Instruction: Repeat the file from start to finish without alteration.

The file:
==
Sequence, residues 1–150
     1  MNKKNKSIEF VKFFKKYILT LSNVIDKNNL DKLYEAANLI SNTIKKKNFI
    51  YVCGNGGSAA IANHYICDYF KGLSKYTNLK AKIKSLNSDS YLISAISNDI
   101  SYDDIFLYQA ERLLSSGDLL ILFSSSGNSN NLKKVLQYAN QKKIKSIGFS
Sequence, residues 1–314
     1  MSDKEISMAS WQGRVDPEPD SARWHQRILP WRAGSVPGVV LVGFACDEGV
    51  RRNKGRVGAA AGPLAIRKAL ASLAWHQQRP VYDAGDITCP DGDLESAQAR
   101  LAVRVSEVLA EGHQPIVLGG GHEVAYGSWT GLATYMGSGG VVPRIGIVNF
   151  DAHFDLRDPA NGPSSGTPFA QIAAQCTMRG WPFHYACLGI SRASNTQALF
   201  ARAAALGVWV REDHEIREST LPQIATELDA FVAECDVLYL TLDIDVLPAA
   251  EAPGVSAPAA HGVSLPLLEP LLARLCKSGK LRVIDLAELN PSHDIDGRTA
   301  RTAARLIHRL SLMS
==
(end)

Sequence, residues 1–150
     1  MNKKNKSIEF VKFFKKYILT LSNVIDKNNL DKLYEAANLI SNTIKKKNFI
    51  YVCGNGGSAA IANHYICDYF KGLSKYTNLK AKIKSLNSDS YLISAISNDI
   101  SYDDIFLYQA ERLLSSGDLL ILFSSSGNSN NLKKVLQYAN QKKIKSIGFS
Sequence, residues 1–314
     1  MSDKEISMAS WQGRVDPEPD SARWHQRILP WRAGSVPGVV LVGFACDEGV
    51  RRNKGRVGAA AGPLAIRKAL ASLAWHQQRP VYDAGDITCP DGDLESAQAR
   101  LAVRVSEVLA EGHQPIVLGG GHEVAYGSWT GLATYMGSGG VVPRIGIVNF
   151  DAHFDLRDPA NGPSSGTPFA QIAAQCTMRG WPFHYACLGI SRASNTQALF
   201  ARAAALGVWV REDHEIREST LPQIATELDA FVAECDVLYL TLDIDVLPAA
   251  EAPGVSAPAA HGVSLPLLEP LLARLCKSGK LRVIDLAELN PSHDIDGRTA
   301  RTAARLIHRL SLMS